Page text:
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    Ice shouldn't do much for a bad joint. I used Ibuprofen but did worry about stomach problems if over used. Most times I went with nothing unless it was a totally sleepless night with intense pain.
     
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  8. Josephine

    Josephine FORUM ADMIN, NURSE DIRECTOR Administrator

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    There is an in-between which is Tylenol but take 1,000mg 4 times a day. It might not help though as there is nothing much that helps with arthritis pain.
     
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  9. Going4fun

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    Great question @Toddlermom. Unfortunately, I think the answer is that you need to just experiment with various pain meds to see how they feel and how they work for you. The extra-strength Tylen (two 650mg tabs) works well for me ... But I alternated by Tylenol, Alleve and ibupropen ... Just randomly, I would say. On really bad days two Alleve tablets sometimes helped.

    Sorry to hear of your pain. I had my surgery yesterday ... and am doing reasonably well. I hope you are able to find doctors and a surgeon that you really trust. Just speaking for myself, if you are in agonizing pain, I would just take something and worry later about the bad side effects later. That's the nature of excruciating pain, it's sometimes worth it to risk the side effects, especially since you know surgery is around the corner and you can stop then.

    At a certain crucial point, pain becomes an emergency situation ... where you have to take something. And I sorta shift my thinking from finding the best option to finding the least worst option. So truthfully, I'd find something that limited the pain and I wouldn't worry about long term potential side effects. Before emergency pain, sure ... worry about long-term stuff ... After emergency pain sets in, treat that pain ... or else it'll disrupt your entire life.

    Just my two cents offered as a thought. My thinking may not work for you.
     
  10. Rascali

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    Ya, I used to love my ibuprofen... The Ortho allowed a dosage not on the bottle, and it allowed me my fantasy of not needing surgery, for awhile! My stomach didn't like that plan and it took months of antibiotics and Prilosec to repair my stubbornness.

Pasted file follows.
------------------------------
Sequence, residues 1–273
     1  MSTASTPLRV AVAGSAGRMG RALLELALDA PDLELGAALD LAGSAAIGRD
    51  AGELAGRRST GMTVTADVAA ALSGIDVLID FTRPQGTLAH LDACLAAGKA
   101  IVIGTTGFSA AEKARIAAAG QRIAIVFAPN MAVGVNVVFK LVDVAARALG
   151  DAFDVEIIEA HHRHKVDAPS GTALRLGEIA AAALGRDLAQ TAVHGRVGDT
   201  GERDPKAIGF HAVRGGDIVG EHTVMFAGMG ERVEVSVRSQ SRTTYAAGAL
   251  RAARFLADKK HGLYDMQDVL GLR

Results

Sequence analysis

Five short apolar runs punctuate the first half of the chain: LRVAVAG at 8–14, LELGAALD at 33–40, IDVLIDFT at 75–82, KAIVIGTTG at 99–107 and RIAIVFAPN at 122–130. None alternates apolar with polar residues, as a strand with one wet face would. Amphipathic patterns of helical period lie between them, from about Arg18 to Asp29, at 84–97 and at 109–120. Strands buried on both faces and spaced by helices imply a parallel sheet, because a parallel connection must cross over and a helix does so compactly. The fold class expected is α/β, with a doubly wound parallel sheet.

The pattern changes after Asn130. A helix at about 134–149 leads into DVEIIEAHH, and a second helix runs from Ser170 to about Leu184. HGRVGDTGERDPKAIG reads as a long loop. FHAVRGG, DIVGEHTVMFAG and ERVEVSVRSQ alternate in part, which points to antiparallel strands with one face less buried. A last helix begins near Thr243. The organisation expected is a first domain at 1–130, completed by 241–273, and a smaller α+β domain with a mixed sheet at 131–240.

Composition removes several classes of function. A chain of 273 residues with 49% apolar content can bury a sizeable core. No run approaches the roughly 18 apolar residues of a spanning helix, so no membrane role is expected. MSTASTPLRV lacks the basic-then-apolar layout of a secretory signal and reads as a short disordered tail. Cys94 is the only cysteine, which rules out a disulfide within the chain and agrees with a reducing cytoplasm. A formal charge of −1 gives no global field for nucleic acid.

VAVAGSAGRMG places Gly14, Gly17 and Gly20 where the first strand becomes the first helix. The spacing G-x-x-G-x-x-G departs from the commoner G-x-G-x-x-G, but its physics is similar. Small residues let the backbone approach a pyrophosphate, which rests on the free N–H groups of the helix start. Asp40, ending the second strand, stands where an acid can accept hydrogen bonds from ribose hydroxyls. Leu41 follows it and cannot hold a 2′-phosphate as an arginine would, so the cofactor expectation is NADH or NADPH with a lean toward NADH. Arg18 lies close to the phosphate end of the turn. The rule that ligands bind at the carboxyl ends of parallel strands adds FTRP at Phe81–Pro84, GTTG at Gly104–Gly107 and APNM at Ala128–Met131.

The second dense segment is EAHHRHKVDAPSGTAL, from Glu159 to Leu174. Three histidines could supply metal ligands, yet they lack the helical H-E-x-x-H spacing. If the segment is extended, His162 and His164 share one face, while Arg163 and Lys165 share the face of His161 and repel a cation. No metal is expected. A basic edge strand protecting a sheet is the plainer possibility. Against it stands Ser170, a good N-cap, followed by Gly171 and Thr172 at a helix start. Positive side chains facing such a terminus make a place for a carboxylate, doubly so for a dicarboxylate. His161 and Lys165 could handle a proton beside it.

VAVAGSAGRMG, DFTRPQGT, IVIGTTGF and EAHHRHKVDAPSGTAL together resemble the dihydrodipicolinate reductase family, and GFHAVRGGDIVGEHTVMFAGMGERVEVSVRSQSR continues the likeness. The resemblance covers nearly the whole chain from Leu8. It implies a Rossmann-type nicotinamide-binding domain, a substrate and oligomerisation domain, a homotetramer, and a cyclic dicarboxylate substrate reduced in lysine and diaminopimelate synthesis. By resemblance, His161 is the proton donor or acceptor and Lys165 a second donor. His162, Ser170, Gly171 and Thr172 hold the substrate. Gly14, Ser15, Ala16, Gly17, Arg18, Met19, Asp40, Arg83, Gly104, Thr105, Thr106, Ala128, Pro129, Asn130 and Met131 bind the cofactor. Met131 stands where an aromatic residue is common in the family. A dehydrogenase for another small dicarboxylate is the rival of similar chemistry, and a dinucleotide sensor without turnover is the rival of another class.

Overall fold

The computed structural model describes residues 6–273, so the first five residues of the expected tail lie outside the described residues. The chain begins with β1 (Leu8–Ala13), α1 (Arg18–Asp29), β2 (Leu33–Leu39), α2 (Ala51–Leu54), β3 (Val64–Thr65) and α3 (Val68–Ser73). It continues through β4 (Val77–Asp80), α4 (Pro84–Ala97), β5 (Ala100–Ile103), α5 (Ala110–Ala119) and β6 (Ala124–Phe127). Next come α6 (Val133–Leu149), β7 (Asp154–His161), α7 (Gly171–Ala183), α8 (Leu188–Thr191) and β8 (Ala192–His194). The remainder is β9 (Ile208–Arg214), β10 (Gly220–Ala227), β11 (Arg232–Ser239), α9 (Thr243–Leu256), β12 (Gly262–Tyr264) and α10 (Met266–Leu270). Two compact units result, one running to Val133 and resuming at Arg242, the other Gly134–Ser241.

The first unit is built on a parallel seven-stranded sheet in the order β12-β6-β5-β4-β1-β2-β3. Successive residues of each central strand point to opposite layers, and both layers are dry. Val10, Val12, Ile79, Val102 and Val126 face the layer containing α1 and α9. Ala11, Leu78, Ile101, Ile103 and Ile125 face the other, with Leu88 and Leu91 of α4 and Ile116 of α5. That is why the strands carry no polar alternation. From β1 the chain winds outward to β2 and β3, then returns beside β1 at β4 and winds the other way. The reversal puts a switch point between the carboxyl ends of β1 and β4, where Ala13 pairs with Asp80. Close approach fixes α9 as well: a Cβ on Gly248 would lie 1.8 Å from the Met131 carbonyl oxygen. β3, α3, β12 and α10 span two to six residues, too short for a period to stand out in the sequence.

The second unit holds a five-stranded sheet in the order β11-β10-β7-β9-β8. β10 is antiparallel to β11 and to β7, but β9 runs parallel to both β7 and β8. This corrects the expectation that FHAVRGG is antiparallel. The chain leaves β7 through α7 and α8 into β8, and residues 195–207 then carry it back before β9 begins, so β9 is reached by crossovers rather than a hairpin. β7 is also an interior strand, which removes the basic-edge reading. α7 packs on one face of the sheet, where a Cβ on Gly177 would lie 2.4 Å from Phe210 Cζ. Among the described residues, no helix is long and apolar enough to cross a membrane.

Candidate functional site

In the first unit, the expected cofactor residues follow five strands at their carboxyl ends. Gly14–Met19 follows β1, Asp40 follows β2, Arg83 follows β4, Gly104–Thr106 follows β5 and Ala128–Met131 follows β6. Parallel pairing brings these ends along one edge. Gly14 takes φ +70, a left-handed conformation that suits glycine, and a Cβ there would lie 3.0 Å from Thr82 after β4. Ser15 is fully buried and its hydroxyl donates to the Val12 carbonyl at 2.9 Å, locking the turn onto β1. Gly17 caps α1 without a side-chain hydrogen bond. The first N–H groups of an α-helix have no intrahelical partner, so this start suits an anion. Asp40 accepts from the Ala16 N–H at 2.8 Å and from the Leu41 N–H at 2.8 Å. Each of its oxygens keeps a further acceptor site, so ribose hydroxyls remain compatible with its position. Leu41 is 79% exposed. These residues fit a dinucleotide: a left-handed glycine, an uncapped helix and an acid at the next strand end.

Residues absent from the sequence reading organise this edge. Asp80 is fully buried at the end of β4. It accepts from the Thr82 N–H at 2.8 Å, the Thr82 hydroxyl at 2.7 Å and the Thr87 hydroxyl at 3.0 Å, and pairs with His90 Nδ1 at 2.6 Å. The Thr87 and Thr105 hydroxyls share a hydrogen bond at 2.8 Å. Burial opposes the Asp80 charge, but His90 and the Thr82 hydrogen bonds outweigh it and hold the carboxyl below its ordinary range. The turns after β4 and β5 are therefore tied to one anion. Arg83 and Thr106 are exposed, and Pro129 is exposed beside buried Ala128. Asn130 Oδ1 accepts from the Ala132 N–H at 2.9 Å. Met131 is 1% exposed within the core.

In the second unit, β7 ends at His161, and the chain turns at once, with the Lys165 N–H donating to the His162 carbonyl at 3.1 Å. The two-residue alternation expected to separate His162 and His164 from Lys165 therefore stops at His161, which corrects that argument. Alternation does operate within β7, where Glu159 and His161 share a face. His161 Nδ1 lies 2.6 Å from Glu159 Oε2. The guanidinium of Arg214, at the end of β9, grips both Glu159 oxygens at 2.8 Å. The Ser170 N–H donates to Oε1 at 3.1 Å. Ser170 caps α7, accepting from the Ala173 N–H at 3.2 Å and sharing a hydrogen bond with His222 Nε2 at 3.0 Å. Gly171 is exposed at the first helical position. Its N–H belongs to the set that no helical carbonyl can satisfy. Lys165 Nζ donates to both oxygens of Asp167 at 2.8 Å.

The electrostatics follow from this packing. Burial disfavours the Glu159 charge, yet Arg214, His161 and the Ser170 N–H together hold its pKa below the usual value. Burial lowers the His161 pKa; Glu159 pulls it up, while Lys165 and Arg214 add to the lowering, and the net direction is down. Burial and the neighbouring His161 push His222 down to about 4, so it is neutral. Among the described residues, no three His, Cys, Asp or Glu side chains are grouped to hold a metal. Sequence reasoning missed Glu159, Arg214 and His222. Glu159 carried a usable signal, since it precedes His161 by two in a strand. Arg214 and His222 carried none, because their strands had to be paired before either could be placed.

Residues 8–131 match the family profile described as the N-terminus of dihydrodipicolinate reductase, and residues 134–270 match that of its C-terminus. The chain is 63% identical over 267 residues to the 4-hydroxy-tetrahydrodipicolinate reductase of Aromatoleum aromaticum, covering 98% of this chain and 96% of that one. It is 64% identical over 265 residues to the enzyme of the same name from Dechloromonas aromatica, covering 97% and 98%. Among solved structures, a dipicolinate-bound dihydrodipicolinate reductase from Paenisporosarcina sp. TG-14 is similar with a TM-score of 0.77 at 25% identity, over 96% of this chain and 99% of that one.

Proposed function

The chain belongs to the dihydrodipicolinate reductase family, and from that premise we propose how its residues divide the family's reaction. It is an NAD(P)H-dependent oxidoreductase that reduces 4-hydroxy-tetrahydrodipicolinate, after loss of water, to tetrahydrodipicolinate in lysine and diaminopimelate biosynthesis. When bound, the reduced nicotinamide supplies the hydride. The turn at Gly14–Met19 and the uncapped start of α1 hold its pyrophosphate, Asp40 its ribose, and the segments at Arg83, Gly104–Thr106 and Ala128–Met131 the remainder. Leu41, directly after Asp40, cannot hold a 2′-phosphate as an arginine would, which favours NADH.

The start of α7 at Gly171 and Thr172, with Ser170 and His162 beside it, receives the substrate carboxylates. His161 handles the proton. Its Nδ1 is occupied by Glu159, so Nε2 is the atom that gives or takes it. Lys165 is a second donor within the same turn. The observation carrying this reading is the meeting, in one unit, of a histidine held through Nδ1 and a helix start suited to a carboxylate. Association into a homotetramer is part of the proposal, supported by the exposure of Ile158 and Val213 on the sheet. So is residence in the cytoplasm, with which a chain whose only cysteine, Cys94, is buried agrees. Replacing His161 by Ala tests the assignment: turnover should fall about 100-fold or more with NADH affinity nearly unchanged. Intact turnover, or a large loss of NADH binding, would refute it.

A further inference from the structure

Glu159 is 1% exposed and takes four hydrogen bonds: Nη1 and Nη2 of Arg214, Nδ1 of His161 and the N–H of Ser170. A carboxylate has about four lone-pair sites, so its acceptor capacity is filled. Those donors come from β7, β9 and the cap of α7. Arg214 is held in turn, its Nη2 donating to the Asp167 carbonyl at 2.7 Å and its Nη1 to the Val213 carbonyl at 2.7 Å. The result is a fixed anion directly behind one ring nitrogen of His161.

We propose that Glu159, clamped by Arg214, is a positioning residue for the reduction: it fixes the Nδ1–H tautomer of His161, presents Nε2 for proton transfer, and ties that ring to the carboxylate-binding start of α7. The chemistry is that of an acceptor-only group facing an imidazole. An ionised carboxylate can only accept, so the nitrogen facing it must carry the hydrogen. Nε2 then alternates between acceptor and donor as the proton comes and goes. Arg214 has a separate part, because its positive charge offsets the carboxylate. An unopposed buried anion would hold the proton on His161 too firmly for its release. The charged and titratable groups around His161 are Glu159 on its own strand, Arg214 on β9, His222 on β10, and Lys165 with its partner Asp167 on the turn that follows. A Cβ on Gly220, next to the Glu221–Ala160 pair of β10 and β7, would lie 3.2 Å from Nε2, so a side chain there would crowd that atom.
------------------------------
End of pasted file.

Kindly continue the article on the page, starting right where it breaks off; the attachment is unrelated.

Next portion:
I received Tramadol in the hospital and post-op and didn't find it difficult at all.
     
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  11. InkedMarie

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    Is Aleve better, worse or the same as Advil as far as your stomach?
     
  12. Mojo333

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    No pain meds touched my pain pre-op...want worth the side effects and all I could when I finally got through the day was use a heating pad...never tried the heat type rubs...might help some?
    Sorry you are dealing with this!:console2:
     
  13. Toddlermom

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    @Going4fun
    Sadly, I am an ortho pro for such a young one! This will be my 3rd hip surgery (my 2nd THR). I have always just used meloxicam, pre op. And heavy pain meds following surgery. So I generally just cope with the pain. I am not willing to risk that med this time around. My mom lost 18 inches of her large intestine, and I figured that I might have inherited this trait along with her crummy hips! I can suck it up if necessary.

    @Josephine
    Thank you! I can try Tylenol at those levels. Meloxicam worked well in the past, and I hate giving it up. But Mom’s bowel obstructions scared the bejesys out of me! I never really experimented with things outside of the NSAID world pre-op. And I hesitate in starting the hard pain relievers now, because I will need them to be very effective post-op.